When I was nineteen, I was on a missions trip to Venezuela for one month. Through a series of unfortunate events (also known as the sovereignty of God), I was enlisted as the interpreter and translator for about three weeks of our trip. While I had taken four years of Spanish and even passed my AP test in high school, I had never used my Spanish in any meaningful way aside from small conversations around town. Yet, now God was asking me to step up, battle my fear and translate the preaching and teaching of our team leaders across the country. Thankfully, the Holy Spirit was able to overcome my own fears and I was used to help share the Gospel with countless people that summer.
Man, talk about feeling like God asking me to step out in faith and engage in an opportunity that I had no idea what the outcome might be! While it might be simple to say this was the only instance, as I look back across my life, I can see a constant pattern of God asking me to do things that would not seem rational. I said yes to starting my Master’s degree with no money and very little confidence only to graduate two years later. I resigned from a church without a guaranteed job in place only to land at the ministry where I have served for the past four years.
God has spent my lifetime working to grow and expand my faith by asking me to do things that just seem to make no sense.
In a certain way, I feel like I can relate to the servants we learn about in John 2. While participating in a wedding at Cana, the host ran out of wine. This would have been a huge social faux pas and the host was now in a bind. Mary speaks with her son, Jesus, and after a short conversation, He becomes involved in the narrative.
While the story might be familiar, there is an interesting section that seems to apply to leaders. After the servants become engaged with Jesus and are waiting for orders, He simply commands them to “fill the jars with water.” He never says how much or even that they had to use all six jars. However, the servants respond by filling “them up to the brim.” (John 2:6-7)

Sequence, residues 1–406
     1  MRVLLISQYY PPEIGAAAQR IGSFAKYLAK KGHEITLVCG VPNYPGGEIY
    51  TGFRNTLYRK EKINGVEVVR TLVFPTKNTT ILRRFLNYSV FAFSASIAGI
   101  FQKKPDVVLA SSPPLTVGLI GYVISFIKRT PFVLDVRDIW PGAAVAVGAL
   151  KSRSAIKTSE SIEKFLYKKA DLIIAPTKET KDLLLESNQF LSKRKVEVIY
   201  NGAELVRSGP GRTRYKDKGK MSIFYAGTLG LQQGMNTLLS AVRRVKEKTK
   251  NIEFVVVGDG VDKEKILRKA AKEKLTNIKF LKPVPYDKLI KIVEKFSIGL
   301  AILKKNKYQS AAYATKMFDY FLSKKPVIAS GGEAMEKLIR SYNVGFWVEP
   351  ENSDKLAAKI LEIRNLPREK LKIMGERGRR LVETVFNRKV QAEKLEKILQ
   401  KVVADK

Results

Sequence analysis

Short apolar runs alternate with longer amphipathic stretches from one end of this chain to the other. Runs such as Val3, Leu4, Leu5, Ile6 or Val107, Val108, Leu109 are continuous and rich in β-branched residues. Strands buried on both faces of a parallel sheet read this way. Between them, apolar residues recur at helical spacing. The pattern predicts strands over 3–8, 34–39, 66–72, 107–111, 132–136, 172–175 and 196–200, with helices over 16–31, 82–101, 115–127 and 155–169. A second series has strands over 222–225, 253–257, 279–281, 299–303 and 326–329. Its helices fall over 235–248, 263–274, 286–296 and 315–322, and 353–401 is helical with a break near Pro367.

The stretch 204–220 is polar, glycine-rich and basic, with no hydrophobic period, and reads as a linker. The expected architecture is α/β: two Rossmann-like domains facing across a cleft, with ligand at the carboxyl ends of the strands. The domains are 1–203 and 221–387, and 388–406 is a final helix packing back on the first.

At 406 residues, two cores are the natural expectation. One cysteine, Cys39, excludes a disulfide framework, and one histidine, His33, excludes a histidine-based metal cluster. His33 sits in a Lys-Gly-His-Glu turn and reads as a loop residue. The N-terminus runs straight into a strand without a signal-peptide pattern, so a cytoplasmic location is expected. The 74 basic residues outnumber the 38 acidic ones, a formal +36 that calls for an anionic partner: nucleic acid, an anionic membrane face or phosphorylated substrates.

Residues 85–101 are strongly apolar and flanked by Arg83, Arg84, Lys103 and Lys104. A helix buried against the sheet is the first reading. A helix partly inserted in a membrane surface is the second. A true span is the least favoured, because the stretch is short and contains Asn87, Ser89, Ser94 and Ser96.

What does this say about their heart and willingness to follow direction? It seems that they were a group who were not inclined to cut corners. Maybe they anticipated a amazing story? Maybe they just wanted to give their best? Maybe they wanted to give themselves extra work by requiring extra trips to the well (least likely option)?
I have no idea what their motivation was. All I know is that the jars were filled to the brim.
Similar to the many stories in my life where I could not see around the corner, I have at least attempted to give God my best and to trust Him with the outcome. Have I lived this out perfectly? Not at all! For every story where I have confidently “filled my jars to the brim” there are plenty more where I went halfway or maybe walked away from the jars without even trying.
So, what does this I have to do with leadership? There are three main areas that the servants model that I hope will become a regular part of my life.
First, they modeled lives of faith. There was not a questioning of Jesus’ commands in any way. We do not read of hesitation, argument, complaints about the extra work or any other form of negativity or doubt. Instead, there is an instant response to the words of Christ. Wow, do I need to grow in this area! Often, my steps of faith come after many moments of questions, arguments, denials and even justification of following my own path. I am amazed that no matter how many times following my path does not end well, that is still my initial response. Definitely an area for growth in my life.
Second, this lifestyle manifests through acts of obedience. The servants simply obey. Behavior that reveals their trust and is displayed to those at the party that they will obey the One who is providing the direction. When Jesus calls us to have a childlike faith, I often wonder if this is part of what He meant. So often children must simply obey their parents without a sense of understanding. If they have loving parents, as we have a loving Father, this turns out well and they learn to continue on the path of obedience.
Finally, there had to be a sense of anticipation on their part. Whether or not they knew who Jesus was, the interaction between him and his mother set the stage that something was about to happen. Can you not picture the servants peeking out from behind a curtain watching the host take a sip of the water? What must their reaction have been upon his declaration that this was better wine than had previously been served? I don’t know about you, but anticipation that ends in fulfillment cannot help but lead to even greater anticipation for the things of God.
May I encourage you to join my journey of learning how to fill my jars to the brim? While I have been blessed to have a few moments where I got this idea right, I want this to happen more often and to be part of my daily life. Oh, how wonderful life would be if I were to live with a sense of faith, obedience and anticipation every time Jesus would give me direction.
Learning to fill,